I want to support them. I want these other organizations to do well. I want HRC to succeed. I want Joe Solmonese to be the best leader we've got. I want Equality California to change and grow and do well. So I don't think it's wise to be attacking each other in any situation. We might get into some fights behind closed doors, but that's healthy. That's the way it should be.

Spoken like a true A-gay. Keep the rot that infects our movement behind closed doors, where the sunshine can't serve as a much-needed disinfectant. No, Dustin, we don't need a Kumbaya approach to the seriously inept gay leadership that is failing to produce passage of ENDA, repeal of DOMA and DADT, and wins at the ballot box.

Makes absolute sense to me that Black's attitude of not publicly criticizing Gay Inc executives carries over into the new movie. Reading his comment, I don't get the sense he'd lend his talents to a flick honestly assessing what went wrong from our side with Prop 8.

Our movement would be better served with documentaries that take cold, hard looks at our leadership lost gay marriage here, and by demanding transparency over our orgs and their decision-making processes.

And let us give thanks the politically-correct crew over at GLAAD hasn't cowed critics like LaSalle into serving as cheerleaders for weak documentaries.


AndrewW said...


I don't think our problem is primarily transparency, but rather accountability for tactics, methods and strategies. As a movement we repeatedly ignore honest, objective analysis of our methods. This is much more important than focusing on who are supposed "leaders" are or even "how they make decisions."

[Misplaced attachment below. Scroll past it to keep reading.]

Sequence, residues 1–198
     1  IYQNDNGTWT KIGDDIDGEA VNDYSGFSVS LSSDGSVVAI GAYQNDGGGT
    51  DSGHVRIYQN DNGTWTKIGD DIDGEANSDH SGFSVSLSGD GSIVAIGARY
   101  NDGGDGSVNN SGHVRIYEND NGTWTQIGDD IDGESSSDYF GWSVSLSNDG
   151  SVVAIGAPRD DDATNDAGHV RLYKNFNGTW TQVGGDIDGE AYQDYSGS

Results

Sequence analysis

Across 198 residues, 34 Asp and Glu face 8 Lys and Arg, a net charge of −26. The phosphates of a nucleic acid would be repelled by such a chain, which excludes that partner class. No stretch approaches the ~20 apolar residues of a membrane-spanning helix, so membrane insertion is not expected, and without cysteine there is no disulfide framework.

We continue to rely on "history" to prop up tactics that no longer accomplish anything. We continue to rely on tactics and strategies borrowed from "other" historical efforts. Because of this we waste an incredible amount of money, effort and time.

HRC has spent $550 million on "lobbying," yet they do not have a single example of a member of Congress "changing their mind or vote" about an LGBT issue. For 32 years they have been lobbying Congress and they haven't had any success. When do we acknowledge that lobbying doesn't work and STOP wasting those resources?

GLAAD had a very useful purpose in "policing the media and entertainment industry." The LGBT Media, including the bloggers, has assumed that role and does it very well. We no longer need GLAAD - unless they can create a new, valuable purpose. We are wasting millions on an organization that has outlived its purpose.